Movement in Focus

From our special watch innovation report in issue 30, Alex Doak examines six beautifully exposed case backs

Calibre: 240

Watchmaker: Patek Philippe

Year of origin: 1977

Vital statistics: 161 parts; 48-hour self-wound power; 3Hz balance oscillation

Housing: Calatrava 4997/200G-001

Created when electronic quartz technology was slimming down wristwatches to diaphanous extents, Patek Philippe’s micro-mechanical engineers proved it could be done with moving parts too, ‘embedding’ the self-winding gold rotor into the height of the base movement where it would normally spin on top. So perfect, the calibre geometry has barely changed since.

Calibre: 7121

Watchmaker: Audemars Piguet

Year of origin: 2022

Vital statistics: 268 parts; 55-hour self-wound power; 4Hz balance oscillation

Housing: Royal Oak ‘Jumbo’ Extra-Thin 50th Anniversary

For the first time in 50 years, since AP’s iconic steel sports watch took the Riviera jet set by storm with its octagonal boldness, the mechanics inside – traditionally based on Jaeger-LeCoultre’s 2120 of 1967 – have been upgraded for this golden anniversary with the all-new, in-house 7121. Its energy reserves are up, among many things, charged by a rotor stencilled out all too appropriately.

Calibre: BVL 318

Watchmaker: Bulgari

Year of origin: 2019

Vital statistics: 433 parts; 55-hour self-wound power; 4Hz balance oscillation

Housing: Octo Finissimo Chronograph

Intricate ‘integration’ of the stopwatch mechanism into the already-wafer-thin base movement, along with a platinum weight rotating about its circumference, Bulgari scored its fifth slimmest-ever record in 2019, cementing Octo as so much more than a sculptural design classic.

Calibre: DUW 2002

Watchmaker: Nomos Glashütte

Year of origin: 2013

Vital statistics: 84-hour manually wound power; 3Hz balance oscillation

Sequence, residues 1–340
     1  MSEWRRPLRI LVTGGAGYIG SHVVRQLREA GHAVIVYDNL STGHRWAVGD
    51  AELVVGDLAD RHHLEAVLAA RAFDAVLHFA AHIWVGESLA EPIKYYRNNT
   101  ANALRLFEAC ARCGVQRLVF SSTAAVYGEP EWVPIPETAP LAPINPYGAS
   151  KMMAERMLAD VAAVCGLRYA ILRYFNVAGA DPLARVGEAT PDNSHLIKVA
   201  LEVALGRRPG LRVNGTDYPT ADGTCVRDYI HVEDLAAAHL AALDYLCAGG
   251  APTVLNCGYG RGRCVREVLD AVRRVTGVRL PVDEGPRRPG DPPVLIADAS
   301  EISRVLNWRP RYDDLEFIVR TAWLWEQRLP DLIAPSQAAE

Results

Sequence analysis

Housing: Lux Zikade

Since reviving interest in East Germany’s former Mecca of watchmaking, the village of Glashütte, Nomos has spent the last 30 years building a Bauhaus-designed horological tribe, with concomitant Bauhaus accessibility. Just occasionally though, its watchmakers like to dabble in the higher end, celebrating their indigenous Saxon traditions in the process: three-quarter baseplate (with glorious sunray polish), engraved balance cock and blued steel screws.

Calibre: 9R31

Watchmaker: Grand Seiko

Year of origin: 2019

Vital statistics: 72-hour manually wound power; 32,768Hz quartz-crystal oscillation

Housing: Spring Drive Omiwatari

A concept doggedly pursued from 1977 by Seiko’s ambitious young engineer Yoshikazu Akahane: an ‘everlasting’ watch powered by a traditional mainspring, yet delivering the one-second-a-day quartz precision that had made the Japanese giant’s name, with hands gliding smoothly via an electronic brake system. A mere 28 years and 600 prototypes later, Spring Drive was born.

Calibre: 3200

Watchmaker: Vacheron Constantin

Year of origin: 2015

Vital statistics: 292 parts; 65-hour manually wound power; 2.5Hz balance oscillation

Housing: Traditionnelle Tourbillon Chronograph

The apogee of modern haute horlogerie, steeped in brand heritage stretching back an unbroken 260-plus years, yet benefitting from all of today’s computer-facilitated CAD design and CNC machining. Note the 360-degrees-per-minute tourbillon, or ‘whirlwind’ cage, shaped as a Maltese cross, the emblem of Geneva’s oldest maison.

Photography Leandro Farina at East Photographic

Set design Alice Whittick

Production assistant Hermione Russell at artProduction

This article is taken from Port issue 30. To continue reading, buy the issue or subscribe here